As a small business owner, it’s important to know which financial reports you will need to use most often and how to pull them together quickly and effectively. This article will look at what a balance sheet is and what it means for your business, by looking at the following areas:
- What is a balance sheet?
- What does a balance sheet need to include?
- How to pull together the balance sheet (with example)
What is a balance sheet?
A common report for small businesses that checks their financial health is a balance sheet. The sheet will show the business’ net worth as well as showing how well a company will be able to pay its financial obligations and operating costs.
Simply put, the balance sheet is a two-sided chart. On one side of the chart, it will show the value of what you owe, and on the other side, what you own.
As the name of the balance sheet suggests, the total of each side should come to the same amount to show if your business is financially stable or not.
Later, we’ll look at a couple of examples of how a balance sheet should look and it’s very simple to put together. First, let’s go through what figures need to be included.
What does a balance sheet need to include?
Below are the three items that you’ll need to understand to fill in the balance sheet properly.
First, you need to total up the value of all the assets your business holds. Assets are items or resources that have financial value. This can include both physical items, such as machinery or vehicles, and sometimes intangible items, such as copyrights or branding.
Assets are often separated into two groups, based on how quickly that asset can be turned into cash. Let’s look at what is counted as current and fixed assets.
Current assets can be quickly converted into money. These are things that are fairly simple to sell and value, such as:
- Stock and inventory
- Cash in the bank
- Money owed to you (through unpaid invoices)
- Customer deposits
- Office furniture, equipment or supplies
- Phones or laptops
- Even relatively trivial items like a fancy coffee machine or pool table
Fixed assets are valuable items that would be a more long-term sale and hence it would take longer to get the cash in your pocket, such as:
- Property or buildings
- Specialised equipment for your business operations
- Investments such as stocks or bonds that may take a while to cash out
Start preparing your balance sheet by listing any current assets you own in a spreadsheet with their value in the next column. Then, underneath, list your fixed assets and their values. Having each item separate will help you gain a better understanding of what is the most valuable to your business. You’ll then add up the total value of all assets.
The next step is to list your business’ liabilities. These are the funds that you owe to other people, banks or businesses and can cover a variety of debts, such as:
- A business loan (the total, not the monthly payment amount)
- A mortgage or rent payment on a property
- Supplier contracts you owe
- Your accounts payable total
- Other financial obligations, such as paying wages or freelancers for support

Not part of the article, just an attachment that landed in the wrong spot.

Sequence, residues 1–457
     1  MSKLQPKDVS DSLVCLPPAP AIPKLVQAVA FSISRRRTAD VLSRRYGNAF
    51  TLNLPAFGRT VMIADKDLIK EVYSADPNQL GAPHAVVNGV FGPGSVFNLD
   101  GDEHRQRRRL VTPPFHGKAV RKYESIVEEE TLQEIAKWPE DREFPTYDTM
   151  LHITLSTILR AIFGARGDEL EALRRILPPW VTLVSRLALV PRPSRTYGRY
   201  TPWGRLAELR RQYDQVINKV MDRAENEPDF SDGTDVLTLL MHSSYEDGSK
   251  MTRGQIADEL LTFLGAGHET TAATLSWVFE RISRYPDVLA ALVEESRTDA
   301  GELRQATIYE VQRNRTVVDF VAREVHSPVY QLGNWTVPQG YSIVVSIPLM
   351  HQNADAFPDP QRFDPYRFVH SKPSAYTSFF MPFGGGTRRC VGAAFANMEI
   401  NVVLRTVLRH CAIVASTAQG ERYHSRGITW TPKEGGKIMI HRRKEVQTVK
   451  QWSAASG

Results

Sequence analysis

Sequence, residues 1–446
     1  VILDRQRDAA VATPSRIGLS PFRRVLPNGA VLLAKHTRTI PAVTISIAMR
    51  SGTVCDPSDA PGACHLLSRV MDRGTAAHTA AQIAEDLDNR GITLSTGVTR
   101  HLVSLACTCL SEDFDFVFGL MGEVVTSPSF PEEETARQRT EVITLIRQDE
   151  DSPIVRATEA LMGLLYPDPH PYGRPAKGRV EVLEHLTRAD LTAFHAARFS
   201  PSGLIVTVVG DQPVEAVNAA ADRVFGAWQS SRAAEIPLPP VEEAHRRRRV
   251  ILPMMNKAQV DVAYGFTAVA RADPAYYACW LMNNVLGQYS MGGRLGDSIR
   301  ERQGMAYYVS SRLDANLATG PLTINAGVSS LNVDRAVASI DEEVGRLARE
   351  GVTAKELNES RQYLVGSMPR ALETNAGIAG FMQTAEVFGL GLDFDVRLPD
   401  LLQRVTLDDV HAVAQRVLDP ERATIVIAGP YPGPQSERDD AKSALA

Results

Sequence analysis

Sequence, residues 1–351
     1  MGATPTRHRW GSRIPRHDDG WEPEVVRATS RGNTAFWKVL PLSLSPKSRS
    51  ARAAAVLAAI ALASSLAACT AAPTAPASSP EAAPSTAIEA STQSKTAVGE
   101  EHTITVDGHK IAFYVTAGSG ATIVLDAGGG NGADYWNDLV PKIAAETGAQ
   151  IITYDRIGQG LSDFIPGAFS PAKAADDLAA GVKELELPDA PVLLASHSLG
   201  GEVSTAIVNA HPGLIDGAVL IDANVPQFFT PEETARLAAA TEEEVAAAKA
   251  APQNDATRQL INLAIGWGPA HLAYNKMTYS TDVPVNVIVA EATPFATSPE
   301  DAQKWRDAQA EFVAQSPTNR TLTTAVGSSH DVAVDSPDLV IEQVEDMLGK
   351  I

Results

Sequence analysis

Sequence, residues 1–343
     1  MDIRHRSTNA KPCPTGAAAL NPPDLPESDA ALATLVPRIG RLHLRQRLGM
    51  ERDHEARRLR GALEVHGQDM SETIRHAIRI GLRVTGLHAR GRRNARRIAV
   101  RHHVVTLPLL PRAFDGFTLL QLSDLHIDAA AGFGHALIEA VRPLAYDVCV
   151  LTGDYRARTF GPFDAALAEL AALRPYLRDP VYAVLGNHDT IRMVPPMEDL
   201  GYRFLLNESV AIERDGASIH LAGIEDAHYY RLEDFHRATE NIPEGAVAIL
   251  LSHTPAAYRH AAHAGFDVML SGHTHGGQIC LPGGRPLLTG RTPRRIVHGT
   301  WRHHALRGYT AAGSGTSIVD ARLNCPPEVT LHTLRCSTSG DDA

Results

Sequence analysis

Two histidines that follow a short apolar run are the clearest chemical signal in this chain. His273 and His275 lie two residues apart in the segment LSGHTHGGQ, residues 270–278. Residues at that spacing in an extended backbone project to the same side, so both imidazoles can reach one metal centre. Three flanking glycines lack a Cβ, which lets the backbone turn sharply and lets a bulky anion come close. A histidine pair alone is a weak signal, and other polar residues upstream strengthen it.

- Taxes due to be paid to HMRC
List these in the same way you did with your assets, on a spreadsheet with their values in a separate column.
Think of your assets like money going into your pocket and liabilities as the items that take it out of your hands. This might help you when listing items and making sure you don’t forget anything.
The last total you’ll need to work out is your owner’s equity in the business, but what is owner’s equity? This is how much of the assets you own as the owner of the business. If you are a sole trader or the only owner of the company, with no shareholders, then this will be a simple calculation.
Basically, your owner’s equity shows how much you would be left with if all assets were sold and all debts were paid. You can work it out with a simple subtraction sum, with the following formula:
Assets total – Liabilities total = Owner’s equity
How to pull together the balance sheet
Now you’ve totalled up all the relevant figures, how does this look in a balance sheet?
To pull together the balance sheet, you’d add your assets on one side of a table and your liabilities and equity on the other. As the name suggests, the totals should balance and fit this formula:
Assets total = Liabilities total + Owner’s equity
Using a self-employed painter and decorator as an example, the balance sheet could look something like this:
As another example, the balance sheet could look very similar if you were running your own hairdressing business, either from rented premises or travelling to customer homes.
If your totals don’t balance, then you need to double-check your figures and ensure you have calculated each item correctly.
The totals should balance but by monitoring your owner’s equity you’ll notice that if it goes up, then you have fewer debts. On the other hand, if the total goes down then you are owing more money than you own. This snapshot of the financial status of your business can be a useful tool for managing your finances.
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